When I do this, I generally decide that it is time to do a better job of wearing my skin with gratitude instead of loathing. No matter what I think of my body, I can still offer it to God to go on being useful to the world in ways both sublime and ridiculous. At the very least, I can practice a little reverence right there in front of the mirror, taking some small credit for standing there unguarded for once.

Thank you, BBT. I needed that.

“Here I am. This is the body-like-no-other that my life has shaped. I live here. This is my soul’s address.”

body image
NOTE: This is a lightly edited version of a post I wrote back in 2009. I received powerful feedback from it in the form of comments and emails. I chose to repost it because  I believe this is a struggle that many of us continue to have. Also, my readership has changed over the years and there may be someone who needs some encouragement who would have missed it years ago. As for me, I still have my good days and my bad days, but the good days tend to outnumber the bad. Oh, and I’m still hooked on The Biggest Loser. 🙂

Reading with a Pen: Life and Art

I do my best reading with a pen in hand. When I stumble across beautiful sentences, or wise quotes, or unforgettable scenes, I feel like I need to put down a flag of discovery so that one day (hopefully) I can return. Sometimes I underlines phrases, sentences, or entire paragraphs. Sometimes I draw smiley faces or exclamation marks in the margin. Sometimes I initiate my own conversation with the text by writing in questions or comments. (I am so thankful that Amazon built these capabilities into their Kindle!) Sometimes I move the entire conversation – quotes and all – into my journal so I will have room to explore. Too often, however, my marks just sit on the page – forgotten until or unless I pick the book back up again at some point in the future. I thought it might be fun to go searching for the flags I’ve planted around words in some of my favorite books.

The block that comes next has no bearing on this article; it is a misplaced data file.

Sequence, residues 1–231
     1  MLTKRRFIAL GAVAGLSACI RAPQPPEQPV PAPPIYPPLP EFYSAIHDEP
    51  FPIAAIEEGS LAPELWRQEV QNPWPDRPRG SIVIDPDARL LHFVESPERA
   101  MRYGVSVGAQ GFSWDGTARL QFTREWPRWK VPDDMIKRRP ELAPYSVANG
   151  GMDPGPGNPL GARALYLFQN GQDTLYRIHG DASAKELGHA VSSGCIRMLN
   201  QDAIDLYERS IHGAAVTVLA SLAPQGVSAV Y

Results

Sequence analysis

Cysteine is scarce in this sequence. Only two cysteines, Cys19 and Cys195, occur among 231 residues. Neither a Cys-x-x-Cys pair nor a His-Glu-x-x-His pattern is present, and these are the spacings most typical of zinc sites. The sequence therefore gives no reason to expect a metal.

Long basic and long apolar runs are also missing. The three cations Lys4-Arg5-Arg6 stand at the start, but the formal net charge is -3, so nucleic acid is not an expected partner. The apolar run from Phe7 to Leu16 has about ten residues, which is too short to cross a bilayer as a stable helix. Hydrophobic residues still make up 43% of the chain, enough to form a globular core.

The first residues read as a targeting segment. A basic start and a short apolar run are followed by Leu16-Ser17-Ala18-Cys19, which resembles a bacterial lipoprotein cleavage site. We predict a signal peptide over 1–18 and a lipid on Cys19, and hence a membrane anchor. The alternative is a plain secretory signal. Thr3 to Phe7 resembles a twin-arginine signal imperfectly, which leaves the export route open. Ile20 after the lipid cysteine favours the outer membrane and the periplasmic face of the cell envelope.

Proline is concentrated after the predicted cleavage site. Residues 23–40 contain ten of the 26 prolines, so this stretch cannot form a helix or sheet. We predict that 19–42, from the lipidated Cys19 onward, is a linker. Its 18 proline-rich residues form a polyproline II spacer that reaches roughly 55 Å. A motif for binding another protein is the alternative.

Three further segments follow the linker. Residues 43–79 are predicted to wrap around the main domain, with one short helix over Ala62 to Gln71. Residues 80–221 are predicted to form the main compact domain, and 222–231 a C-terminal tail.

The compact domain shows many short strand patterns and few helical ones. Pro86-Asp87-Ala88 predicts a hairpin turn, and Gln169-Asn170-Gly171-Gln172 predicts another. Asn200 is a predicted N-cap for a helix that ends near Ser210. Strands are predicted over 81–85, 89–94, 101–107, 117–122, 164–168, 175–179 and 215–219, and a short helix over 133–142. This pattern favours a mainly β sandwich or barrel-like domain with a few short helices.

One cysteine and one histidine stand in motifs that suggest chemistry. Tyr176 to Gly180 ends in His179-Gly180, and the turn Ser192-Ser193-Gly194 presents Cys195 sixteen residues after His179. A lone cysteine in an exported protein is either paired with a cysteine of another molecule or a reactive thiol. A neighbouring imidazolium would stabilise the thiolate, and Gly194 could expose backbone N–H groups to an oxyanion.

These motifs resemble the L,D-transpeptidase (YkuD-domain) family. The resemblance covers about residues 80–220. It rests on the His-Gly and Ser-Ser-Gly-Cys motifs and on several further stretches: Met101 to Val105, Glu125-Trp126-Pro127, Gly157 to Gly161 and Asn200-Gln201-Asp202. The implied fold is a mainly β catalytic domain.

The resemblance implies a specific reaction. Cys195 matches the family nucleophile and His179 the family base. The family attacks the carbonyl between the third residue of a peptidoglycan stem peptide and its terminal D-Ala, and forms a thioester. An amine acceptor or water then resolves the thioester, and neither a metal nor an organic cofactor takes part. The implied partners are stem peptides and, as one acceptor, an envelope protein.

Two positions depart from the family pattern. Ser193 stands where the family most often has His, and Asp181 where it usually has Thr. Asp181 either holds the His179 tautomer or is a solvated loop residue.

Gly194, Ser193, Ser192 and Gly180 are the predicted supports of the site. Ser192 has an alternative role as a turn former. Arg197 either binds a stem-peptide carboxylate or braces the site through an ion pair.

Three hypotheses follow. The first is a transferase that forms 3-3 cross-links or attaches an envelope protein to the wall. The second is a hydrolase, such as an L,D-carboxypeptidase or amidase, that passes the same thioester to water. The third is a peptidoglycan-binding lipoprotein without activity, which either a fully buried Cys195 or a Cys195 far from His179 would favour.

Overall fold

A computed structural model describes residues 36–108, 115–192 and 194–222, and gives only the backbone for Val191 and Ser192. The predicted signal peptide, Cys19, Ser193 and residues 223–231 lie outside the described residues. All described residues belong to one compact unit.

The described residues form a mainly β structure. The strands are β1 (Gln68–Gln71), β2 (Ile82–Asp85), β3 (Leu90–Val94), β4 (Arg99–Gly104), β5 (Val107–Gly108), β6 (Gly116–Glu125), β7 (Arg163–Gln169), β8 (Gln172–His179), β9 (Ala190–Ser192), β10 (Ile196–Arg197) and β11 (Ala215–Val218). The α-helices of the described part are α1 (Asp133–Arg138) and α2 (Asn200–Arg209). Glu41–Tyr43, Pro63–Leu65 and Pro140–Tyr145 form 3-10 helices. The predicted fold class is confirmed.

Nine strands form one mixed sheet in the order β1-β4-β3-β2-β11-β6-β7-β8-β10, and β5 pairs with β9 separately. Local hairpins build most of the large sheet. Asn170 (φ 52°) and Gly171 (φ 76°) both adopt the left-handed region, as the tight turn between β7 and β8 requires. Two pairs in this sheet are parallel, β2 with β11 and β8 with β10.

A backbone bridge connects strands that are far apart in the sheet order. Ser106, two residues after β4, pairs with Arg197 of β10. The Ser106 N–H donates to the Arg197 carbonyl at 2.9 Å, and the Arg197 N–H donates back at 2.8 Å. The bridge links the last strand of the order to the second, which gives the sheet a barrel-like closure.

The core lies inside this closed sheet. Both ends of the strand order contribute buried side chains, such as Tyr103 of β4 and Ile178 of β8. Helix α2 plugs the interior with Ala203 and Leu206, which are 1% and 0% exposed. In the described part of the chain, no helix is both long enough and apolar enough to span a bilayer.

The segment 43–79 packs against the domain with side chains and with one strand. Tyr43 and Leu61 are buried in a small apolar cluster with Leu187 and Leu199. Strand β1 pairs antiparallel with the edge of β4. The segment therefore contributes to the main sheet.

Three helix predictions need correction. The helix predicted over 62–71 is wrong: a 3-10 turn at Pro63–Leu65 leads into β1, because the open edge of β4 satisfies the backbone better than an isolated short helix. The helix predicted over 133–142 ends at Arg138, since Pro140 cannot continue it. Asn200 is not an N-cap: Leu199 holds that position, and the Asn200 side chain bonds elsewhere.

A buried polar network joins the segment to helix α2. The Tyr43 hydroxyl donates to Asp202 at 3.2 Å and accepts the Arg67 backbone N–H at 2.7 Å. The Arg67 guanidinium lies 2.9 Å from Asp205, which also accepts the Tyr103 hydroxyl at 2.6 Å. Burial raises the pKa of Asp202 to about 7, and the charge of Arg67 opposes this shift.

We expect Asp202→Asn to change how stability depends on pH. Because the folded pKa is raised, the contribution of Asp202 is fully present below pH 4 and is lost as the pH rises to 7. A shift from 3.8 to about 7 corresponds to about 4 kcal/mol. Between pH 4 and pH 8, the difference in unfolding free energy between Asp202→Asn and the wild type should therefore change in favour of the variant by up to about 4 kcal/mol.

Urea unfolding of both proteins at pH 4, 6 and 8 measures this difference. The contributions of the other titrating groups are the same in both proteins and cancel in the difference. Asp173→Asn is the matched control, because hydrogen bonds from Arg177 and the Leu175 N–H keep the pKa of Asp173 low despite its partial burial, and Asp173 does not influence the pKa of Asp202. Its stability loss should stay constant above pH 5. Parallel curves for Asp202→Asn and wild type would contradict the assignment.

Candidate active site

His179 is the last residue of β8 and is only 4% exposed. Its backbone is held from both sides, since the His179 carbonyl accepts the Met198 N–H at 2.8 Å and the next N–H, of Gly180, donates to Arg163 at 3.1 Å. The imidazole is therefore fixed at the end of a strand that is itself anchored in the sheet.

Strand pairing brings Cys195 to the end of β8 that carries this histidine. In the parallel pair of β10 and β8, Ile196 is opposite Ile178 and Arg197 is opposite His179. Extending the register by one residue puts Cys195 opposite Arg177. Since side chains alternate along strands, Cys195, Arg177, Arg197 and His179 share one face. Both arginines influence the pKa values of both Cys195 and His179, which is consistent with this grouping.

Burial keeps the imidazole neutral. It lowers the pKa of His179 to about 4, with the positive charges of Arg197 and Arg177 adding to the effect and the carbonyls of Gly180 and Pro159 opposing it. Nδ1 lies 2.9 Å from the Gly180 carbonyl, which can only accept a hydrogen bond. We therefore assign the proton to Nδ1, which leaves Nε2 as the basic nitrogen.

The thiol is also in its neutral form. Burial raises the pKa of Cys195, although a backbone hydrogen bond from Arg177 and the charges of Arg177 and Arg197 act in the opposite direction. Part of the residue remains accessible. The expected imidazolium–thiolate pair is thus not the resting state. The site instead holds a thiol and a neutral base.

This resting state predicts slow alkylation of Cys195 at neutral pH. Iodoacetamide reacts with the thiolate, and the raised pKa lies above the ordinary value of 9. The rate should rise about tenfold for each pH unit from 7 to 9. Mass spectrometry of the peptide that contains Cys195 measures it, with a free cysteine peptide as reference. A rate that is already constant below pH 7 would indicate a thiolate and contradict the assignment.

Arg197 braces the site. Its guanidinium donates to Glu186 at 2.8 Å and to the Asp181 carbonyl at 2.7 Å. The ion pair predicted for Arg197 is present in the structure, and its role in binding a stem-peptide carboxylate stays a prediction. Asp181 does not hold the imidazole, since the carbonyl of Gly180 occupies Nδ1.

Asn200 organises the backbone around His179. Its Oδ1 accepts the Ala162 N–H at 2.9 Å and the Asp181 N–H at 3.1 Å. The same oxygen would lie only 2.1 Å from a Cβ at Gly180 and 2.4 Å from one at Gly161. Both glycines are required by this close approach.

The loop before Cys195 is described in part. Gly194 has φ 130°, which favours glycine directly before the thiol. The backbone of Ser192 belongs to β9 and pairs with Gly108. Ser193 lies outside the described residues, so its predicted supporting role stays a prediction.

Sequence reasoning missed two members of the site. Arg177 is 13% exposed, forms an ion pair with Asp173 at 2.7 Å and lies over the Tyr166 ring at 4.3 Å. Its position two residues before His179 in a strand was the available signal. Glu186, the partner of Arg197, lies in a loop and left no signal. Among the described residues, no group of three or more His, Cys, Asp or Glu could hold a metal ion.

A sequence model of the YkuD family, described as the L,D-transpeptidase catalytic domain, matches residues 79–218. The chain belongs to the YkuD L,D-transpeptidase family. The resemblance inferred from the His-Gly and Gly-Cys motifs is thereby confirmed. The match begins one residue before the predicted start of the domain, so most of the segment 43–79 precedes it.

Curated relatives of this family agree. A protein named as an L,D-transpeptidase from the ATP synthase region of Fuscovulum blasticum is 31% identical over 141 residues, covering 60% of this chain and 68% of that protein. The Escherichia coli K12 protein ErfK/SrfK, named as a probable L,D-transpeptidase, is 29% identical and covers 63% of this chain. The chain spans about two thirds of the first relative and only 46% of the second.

corner desk

Put your desk in the corner, and every time you sit down there to write, remind yourself why it isn’t in the middle of the room. Life isn’t a support system for art. It’s the other way around.

Today’s quote comes from one of my top five favorite books on writing: Stephen King’s On Writing.

I am writer at heart. Whether I will ever be an official “author” with a published book all remains to be seen. I’ve read all kinds of advice on writing and blogging. Write every single day. Write a set number of words every day. Post to your blog on a regular, dependable schedule if you want to build a following. You get the general idea. It’s great advice. I try to abide by it . . . somewhat.

Two weeks ago, I began writing this series. I got some good feedback. I enjoyed sitting down every day to create each post. I actually wondered at one point if maybe I could keep it going for the month of July. Of course, I was on week one of a two week vacation. Week one was staycation – a laid back week of relaxation. Then came week two: a week with family at my parents’ house on the farm in the Upstate, enjoying my niece’s two precious children while she was on a mission trip. The kids are 3 and 1, full of energy and life, more precious than words can describe, fun (and funny) . . . and exhausting. (My hat is off to you Melinda! I had forgotten how all-consuming parenting toddlers is!) Except for a few text messages, I did not write a single word all week long. And you know what? That’s absolutely okay, because the purpose of my life is not just to enhance my writing. My writing is meant to enhance my life.

I believe that is what King was getting at with his statement above. Life isn’t a support system for art, in whatever form your art takes. It informs art. It inspires art. It is expressed through art. I can’t imagine life without art. But art is not the main thing. Life is. There was nothing more important than the people, the experiences, the learning, the love. It’s when we get really lucky that we find ways to share the gifts of life with others through art, enhancing their lives as well as our own.

Happy 4th of July!

We hold these truths to be self-evident, that all men are created equal, that they are endowed by their Creator with certain unalienable rights, that among these are life, liberty and the pursuit of happiness.


Yep, we’re still a work in progress!